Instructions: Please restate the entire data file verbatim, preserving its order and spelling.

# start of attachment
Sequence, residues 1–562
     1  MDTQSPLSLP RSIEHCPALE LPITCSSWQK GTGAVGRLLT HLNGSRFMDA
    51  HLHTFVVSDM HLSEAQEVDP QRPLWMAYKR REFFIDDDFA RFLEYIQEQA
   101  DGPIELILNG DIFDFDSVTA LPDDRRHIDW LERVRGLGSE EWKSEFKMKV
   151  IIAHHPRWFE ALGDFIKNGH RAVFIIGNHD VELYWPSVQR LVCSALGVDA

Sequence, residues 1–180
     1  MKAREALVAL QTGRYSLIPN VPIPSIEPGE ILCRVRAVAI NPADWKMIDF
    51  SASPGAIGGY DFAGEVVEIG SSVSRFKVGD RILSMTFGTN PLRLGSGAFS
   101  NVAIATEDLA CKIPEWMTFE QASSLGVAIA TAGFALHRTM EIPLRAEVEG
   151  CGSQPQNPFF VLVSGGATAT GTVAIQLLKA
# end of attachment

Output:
Sequence, residues 1–562
     1  MDTQSPLSLP RSIEHCPALE LPITCSSWQK GTGAVGRLLT HLNGSRFMDA
    51  HLHTFVVSDM HLSEAQEVDP QRPLWMAYKR REFFIDDDFA RFLEYIQEQA
   101  DGPIELILNG DIFDFDSVTA LPDDRRHIDW LERVRGLGSE EWKSEFKMKV
   151  IIAHHPRWFE ALGDFIKNGH RAVFIIGNHD VELYWPSVQR LVCSALGVDA

Sequence, residues 1–180
     1  MKAREALVAL QTGRYSLIPN VPIPSIEPGE ILCRVRAVAI NPADWKMIDF
    51  SASPGAIGGY DFAGEVVEIG SSVSRFKVGD RILSMTFGTN PLRLGSGAFS
   101  NVAIATEDLA CKIPEWMTFE QASSLGVAIA TAGFALHRTM EIPLRAEVEG
   151  CGSQPQNPFF VLVSGGATAT GTVAIQLLKA